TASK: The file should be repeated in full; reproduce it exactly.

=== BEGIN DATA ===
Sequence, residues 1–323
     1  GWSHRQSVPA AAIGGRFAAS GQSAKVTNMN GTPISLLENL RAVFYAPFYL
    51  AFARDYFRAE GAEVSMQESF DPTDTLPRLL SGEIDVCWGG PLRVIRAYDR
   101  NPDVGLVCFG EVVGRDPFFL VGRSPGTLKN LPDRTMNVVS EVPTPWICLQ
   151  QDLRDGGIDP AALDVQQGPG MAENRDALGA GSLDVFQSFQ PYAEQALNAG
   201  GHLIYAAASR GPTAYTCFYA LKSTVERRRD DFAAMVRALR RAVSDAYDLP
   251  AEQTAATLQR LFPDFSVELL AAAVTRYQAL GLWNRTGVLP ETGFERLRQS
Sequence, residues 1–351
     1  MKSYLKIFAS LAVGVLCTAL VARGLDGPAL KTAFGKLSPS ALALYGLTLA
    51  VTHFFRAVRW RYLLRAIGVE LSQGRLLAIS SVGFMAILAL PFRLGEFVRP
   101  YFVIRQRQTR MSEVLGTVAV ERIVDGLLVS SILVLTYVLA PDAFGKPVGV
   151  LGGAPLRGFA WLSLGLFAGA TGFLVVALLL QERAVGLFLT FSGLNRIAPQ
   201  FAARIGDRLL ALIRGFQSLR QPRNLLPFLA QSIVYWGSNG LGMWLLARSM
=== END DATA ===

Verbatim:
Sequence, residues 1–323
     1  GWSHRQSVPA AAIGGRFAAS GQSAKVTNMN GTPISLLENL RAVFYAPFYL
    51  AFARDYFRAE GAEVSMQESF DPTDTLPRLL SGEIDVCWGG PLRVIRAYDR
   101  NPDVGLVCFG EVVGRDPFFL VGRSPGTLKN LPDRTMNVVS EVPTPWICLQ
   151  QDLRDGGIDP AALDVQQGPG MAENRDALGA GSLDVFQSFQ PYAEQALNAG
   201  GHLIYAAASR GPTAYTCFYA LKSTVERRRD DFAAMVRALR RAVSDAYDLP
   251  AEQTAATLQR LFPDFSVELL AAAVTRYQAL GLWNRTGVLP ETGFERLRQS
Sequence, residues 1–351
     1  MKSYLKIFAS LAVGVLCTAL VARGLDGPAL KTAFGKLSPS ALALYGLTLA
    51  VTHFFRAVRW RYLLRAIGVE LSQGRLLAIS SVGFMAILAL PFRLGEFVRP
   101  YFVIRQRQTR MSEVLGTVAV ERIVDGLLVS SILVLTYVLA PDAFGKPVGV
   151  LGGAPLRGFA WLSLGLFAGA TGFLVVALLL QERAVGLFLT FSGLNRIAPQ
   201  FAARIGDRLL ALIRGFQSLR QPRNLLPFLA QSIVYWGSNG LGMWLLARSM